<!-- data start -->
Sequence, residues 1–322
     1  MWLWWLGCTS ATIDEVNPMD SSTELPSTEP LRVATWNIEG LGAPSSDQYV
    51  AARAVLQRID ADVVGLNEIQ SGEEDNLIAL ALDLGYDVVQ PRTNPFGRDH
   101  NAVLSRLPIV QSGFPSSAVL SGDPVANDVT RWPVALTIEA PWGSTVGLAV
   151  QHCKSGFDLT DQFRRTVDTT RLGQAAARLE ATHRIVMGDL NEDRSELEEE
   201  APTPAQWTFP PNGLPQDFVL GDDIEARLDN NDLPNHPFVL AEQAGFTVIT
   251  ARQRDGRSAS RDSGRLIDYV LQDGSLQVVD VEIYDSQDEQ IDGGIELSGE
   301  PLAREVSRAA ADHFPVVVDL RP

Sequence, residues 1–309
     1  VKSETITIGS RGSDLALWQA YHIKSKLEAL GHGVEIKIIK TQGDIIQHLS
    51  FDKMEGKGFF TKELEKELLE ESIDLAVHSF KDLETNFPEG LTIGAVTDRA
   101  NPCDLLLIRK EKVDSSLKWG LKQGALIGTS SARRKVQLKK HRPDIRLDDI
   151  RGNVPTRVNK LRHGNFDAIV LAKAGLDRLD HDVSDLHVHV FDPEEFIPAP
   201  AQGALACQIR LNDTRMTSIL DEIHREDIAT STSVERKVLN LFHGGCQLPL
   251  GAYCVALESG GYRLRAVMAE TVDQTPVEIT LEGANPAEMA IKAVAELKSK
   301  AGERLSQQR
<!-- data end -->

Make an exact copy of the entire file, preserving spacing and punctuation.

Sequence, residues 1–322
     1  MWLWWLGCTS ATIDEVNPMD SSTELPSTEP LRVATWNIEG LGAPSSDQYV
    51  AARAVLQRID ADVVGLNEIQ SGEEDNLIAL ALDLGYDVVQ PRTNPFGRDH
   101  NAVLSRLPIV QSGFPSSAVL SGDPVANDVT RWPVALTIEA PWGSTVGLAV
   151  QHCKSGFDLT DQFRRTVDTT RLGQAAARLE ATHRIVMGDL NEDRSELEEE
   201  APTPAQWTFP PNGLPQDFVL GDDIEARLDN NDLPNHPFVL AEQAGFTVIT
   251  ARQRDGRSAS RDSGRLIDYV LQDGSLQVVD VEIYDSQDEQ IDGGIELSGE
   301  PLAREVSRAA ADHFPVVVDL RP

Sequence, residues 1–309
     1  VKSETITIGS RGSDLALWQA YHIKSKLEAL GHGVEIKIIK TQGDIIQHLS
    51  FDKMEGKGFF TKELEKELLE ESIDLAVHSF KDLETNFPEG LTIGAVTDRA
   101  NPCDLLLIRK EKVDSSLKWG LKQGALIGTS SARRKVQLKK HRPDIRLDDI
   151  RGNVPTRVNK LRHGNFDAIV LAKAGLDRLD HDVSDLHVHV FDPEEFIPAP
   201  AQGALACQIR LNDTRMTSIL DEIHREDIAT STSVERKVLN LFHGGCQLPL
   251  GAYCVALESG GYRLRAVMAE TVDQTPVEIT LEGANPAEMA IKAVAELKSK
   301  AGERLSQQR